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Lecture 3

# Lecture 3 - Jan 16.doc

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McGill University

Psychology

PSYC 305

Heungsun Hwang

Winter

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PSYC305 Lecture 3 - Jan. 16
Hypothesis: Answer to a research question or assumption made about a population parameter (not a
sample estimate!)
• Ad campaign A is preferred over campaign B
• Getting 1 million will make people happier 6 months later
• Drug A will increase survival rate of AIDS patients
Steps for Hypothesis Testing:
• Step 1: Set up a hypothesis
• Usually a prediction that there is an effect of certain variable(s) in the population
• Example: Hamburgers make you fat!
• Null Hypothesis (Ho):
No effect
•
• People will be equally fat regardless of how many hamburgers you eat
• Alternative Hypothesis (H1):
• Some effect
• People eating more hamburgers will be fatter than those eating less hamburgers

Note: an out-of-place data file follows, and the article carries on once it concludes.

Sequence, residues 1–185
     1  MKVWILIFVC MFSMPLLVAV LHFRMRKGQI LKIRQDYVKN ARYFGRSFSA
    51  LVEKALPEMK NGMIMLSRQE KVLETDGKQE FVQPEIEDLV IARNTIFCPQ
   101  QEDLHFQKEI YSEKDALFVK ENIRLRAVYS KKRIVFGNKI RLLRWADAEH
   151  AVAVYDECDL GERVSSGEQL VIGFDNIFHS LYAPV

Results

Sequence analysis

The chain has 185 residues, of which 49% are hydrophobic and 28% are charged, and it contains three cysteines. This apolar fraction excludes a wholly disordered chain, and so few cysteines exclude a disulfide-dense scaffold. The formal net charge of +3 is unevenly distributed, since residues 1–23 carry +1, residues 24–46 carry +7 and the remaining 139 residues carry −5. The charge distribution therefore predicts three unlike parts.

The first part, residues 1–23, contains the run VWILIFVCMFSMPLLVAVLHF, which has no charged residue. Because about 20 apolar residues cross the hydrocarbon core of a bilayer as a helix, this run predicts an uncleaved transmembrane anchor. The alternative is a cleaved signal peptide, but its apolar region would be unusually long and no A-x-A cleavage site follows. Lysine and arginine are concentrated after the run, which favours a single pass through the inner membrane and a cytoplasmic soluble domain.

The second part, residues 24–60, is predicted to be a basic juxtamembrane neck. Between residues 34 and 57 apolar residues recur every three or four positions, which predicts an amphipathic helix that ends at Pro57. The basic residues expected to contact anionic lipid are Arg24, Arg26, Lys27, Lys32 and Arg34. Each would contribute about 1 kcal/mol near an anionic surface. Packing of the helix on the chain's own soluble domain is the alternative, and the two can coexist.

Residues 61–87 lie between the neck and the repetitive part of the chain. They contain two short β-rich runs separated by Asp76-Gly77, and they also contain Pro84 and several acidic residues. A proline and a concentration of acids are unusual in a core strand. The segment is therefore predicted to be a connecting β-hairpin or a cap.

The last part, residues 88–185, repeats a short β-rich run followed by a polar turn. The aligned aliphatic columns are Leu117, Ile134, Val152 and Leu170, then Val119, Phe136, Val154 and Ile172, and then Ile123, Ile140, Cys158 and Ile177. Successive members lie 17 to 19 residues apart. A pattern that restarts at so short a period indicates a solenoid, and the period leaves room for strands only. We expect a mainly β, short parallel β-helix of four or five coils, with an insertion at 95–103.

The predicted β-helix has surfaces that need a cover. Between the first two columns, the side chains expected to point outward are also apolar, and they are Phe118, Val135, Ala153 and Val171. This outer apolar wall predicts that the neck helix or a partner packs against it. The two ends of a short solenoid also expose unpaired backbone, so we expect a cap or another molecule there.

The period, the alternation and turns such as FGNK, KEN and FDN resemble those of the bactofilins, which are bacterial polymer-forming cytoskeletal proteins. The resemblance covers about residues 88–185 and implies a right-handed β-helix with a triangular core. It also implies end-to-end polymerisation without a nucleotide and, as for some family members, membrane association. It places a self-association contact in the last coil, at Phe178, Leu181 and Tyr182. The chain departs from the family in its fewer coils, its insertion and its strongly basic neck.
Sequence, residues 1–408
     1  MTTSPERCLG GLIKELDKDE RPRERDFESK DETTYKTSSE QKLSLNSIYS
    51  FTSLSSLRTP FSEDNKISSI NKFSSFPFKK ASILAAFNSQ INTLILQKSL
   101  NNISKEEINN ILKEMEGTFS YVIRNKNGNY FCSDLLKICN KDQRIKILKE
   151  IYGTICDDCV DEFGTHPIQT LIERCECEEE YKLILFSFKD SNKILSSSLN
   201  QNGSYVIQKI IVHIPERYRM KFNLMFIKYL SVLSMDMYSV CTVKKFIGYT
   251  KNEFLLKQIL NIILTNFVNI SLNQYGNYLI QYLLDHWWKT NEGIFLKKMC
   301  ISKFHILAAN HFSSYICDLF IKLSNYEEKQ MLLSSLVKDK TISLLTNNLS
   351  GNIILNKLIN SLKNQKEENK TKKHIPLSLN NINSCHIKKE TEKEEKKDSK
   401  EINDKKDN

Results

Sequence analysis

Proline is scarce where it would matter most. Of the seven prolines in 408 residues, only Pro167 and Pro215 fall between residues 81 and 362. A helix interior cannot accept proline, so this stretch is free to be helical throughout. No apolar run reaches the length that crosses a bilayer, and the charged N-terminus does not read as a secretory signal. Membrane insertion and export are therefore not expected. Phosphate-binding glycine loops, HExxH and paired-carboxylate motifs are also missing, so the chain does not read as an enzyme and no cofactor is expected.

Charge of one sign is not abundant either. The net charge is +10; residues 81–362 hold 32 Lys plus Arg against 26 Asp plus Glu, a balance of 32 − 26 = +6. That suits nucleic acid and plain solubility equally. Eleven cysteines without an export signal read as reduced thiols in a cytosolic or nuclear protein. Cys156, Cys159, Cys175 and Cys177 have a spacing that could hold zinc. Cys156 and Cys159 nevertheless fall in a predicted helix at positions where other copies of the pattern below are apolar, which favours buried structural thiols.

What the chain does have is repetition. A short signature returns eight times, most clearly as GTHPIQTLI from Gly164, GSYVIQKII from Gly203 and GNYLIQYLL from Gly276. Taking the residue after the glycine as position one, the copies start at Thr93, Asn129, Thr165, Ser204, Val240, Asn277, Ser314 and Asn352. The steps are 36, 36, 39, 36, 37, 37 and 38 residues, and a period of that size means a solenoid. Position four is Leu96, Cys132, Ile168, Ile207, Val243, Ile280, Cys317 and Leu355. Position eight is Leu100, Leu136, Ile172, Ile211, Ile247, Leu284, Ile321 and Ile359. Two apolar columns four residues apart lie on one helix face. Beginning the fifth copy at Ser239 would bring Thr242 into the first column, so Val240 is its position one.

Step 2: Choose alpha (significance level)
•
• Decide the area consisting of extreme scores which are unlikely to occur if the null hypothesis is
true
• Conventionally, alpha = .05 (or .01)
• The cutoff sample score for alpha is called the critical value
Step 3: Example empirical data and compute the appropriate test statistics
•
• Step 4: Make the decision whether to ‘reject’ or ‘not reject’ the null hypothesis
• Compare the calculated value of your test statistic to the (tabled) critical value for alpha
• If your value is greater than the critical value, reject H 0
• Otherwise, accept H 0
• Alternatively, look at at the significance level (p-value) of your test statistic value
• If p-value < .05, reject H 0
• If H0is rejected, you may conclude that there is statistically significant effect in the population
• Hamburgers have a significant effect on being fat
A “significant” effect does not indicate that:
• This effect is important or meaningful:
• 10g weight gain by eating hamburgers a month
• This weight gain may be significant when it was observed from many people • But, this weight gain is really meaningful in our real l

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